Who is the ruler and king of your life? Is it God, in the second person of the Trinity, King Jesus? Perhaps something in this earthly life separates us from our best self as adopted sons and daughters of God (Rom. 8:15, Gal 3:26)? If we recall, the greatest commandment that Jesus gave us while on earth when answering the teachers of the law, it is to “love the Lord your God with all your soul, mind and all your strength and to love your neighbor as yourself.” Such a simple didactic summarizing the totality of the law written upon our hearts should remind us of what a most wise and merciful ruler we have in Jesus.
Today the Catholic church recalls Jesus Christ as being the Lord and King of the Universe (both earth and heaven). The recognition of such a memorial within the liturgical calendar was first initiated by Pope Pius XI in 1925 to be celebrated in late October. Pope St. Paul VI later changed the liturgical commemoration of Christ the King to the Sunday before the start of the Advent season which is appropriate given the salvific gift that our King came to bestow on His people.
It is so easy to get caught up in the limited vision of life here on earth and forget our true calling as disciples of Jesus. Life can be messy and is filled with strife, anxiety, vice/sin, and a world that is far from perfect. Being able to prepare for the upcoming liturgical season of Advent that follows, where we enter into a penitential state of life for the preparation of the light and majestic glory to come to us with the coming of the kingly Christ child is one that reminds us of what today’s solemnity is all about. By reflecting on the first coming of Jesus as a lowly baby born in a manger is quite a different perspective compared to our typical image of earthly kings. After all, Jesus was not born to a wealthy earthly king in a castle crib, but to a carpenter from Nazareth, and to a lowly woman named Mary who was chosen to bear the new ark of the covenant.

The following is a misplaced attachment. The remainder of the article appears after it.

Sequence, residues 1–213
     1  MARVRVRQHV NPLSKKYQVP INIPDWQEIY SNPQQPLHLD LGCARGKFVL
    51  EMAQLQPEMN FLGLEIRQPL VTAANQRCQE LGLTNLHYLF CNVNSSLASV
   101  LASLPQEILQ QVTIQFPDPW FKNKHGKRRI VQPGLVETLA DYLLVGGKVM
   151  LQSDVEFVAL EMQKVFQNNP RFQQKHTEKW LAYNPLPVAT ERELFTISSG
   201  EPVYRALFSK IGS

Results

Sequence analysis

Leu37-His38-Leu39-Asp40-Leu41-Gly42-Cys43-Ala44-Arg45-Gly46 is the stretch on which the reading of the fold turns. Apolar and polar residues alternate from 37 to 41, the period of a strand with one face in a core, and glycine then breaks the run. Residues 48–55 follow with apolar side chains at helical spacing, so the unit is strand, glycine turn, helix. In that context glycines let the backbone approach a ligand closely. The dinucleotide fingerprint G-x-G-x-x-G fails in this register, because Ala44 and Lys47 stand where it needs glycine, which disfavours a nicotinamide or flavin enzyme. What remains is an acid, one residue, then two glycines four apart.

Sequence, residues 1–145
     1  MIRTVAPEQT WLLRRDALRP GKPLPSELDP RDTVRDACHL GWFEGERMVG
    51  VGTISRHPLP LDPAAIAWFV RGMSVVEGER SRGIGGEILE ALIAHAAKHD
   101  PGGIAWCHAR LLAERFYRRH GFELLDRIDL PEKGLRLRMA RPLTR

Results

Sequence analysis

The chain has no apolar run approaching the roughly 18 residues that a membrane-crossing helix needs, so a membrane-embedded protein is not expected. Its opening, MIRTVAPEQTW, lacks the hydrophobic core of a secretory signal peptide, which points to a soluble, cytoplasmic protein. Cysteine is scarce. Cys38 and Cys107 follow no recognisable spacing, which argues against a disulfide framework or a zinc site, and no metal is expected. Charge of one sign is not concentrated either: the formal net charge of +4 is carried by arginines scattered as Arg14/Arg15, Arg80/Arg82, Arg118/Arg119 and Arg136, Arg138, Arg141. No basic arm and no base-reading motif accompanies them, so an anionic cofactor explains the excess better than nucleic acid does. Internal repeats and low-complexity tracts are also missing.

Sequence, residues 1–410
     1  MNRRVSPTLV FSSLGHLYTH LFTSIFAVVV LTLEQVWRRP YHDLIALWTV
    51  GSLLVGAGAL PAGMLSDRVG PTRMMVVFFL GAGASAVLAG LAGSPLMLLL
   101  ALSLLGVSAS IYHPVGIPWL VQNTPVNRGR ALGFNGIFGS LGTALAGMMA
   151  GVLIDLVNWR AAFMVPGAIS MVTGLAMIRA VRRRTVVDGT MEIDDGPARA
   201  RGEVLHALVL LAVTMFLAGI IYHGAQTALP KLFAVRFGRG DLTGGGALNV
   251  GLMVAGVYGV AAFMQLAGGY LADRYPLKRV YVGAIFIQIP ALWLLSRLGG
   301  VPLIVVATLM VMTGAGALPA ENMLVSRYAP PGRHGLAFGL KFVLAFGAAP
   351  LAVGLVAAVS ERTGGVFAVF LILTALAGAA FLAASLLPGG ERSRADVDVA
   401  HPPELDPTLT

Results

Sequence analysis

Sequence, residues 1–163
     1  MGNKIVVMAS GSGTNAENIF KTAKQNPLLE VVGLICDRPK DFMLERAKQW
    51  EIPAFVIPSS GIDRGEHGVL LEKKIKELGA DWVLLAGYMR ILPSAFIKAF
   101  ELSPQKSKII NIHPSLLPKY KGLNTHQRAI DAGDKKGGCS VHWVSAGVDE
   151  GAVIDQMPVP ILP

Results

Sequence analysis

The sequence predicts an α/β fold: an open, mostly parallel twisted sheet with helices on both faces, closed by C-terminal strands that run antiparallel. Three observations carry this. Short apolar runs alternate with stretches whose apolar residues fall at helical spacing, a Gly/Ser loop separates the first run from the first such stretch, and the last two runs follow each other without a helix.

This King of ours was met with resistance from the very start when earthly king Herod wanted to kill our King Jesus for his mortal quest for power without regard to the eternal life all of us have awaiting us in the kingdom of heaven. His crown was one of thorns being placed on his head. His rings were nails being driven into his hands and feet. Our king’s ultimate price was his having to shed his blood for the salvation for all of His creation for our King’s love is infinite with no earthly limitation.
On this day, let us humbly and prayerfully reflect on how we can ask Jesus to come into our life and be the ruler of our heart and very soul. May we be transformed by our King’s ruling benevolence and love He has to bring about peace and joy to his chosen people. As the composer, Father Martin B. Hellriegel, reminds us of with his liturgical song coming out before the rise of the third reich in Germany and World War II, we should be reminded of the following (https://aleteia.org/blogs/aleteia-blog/hymn-of-the-week-to-jesus-christ-our-sovereign-king/):
Christ Jesus Victor!
Christ Jesus Ruler!
Christ Jesus, Lord and Redeemer!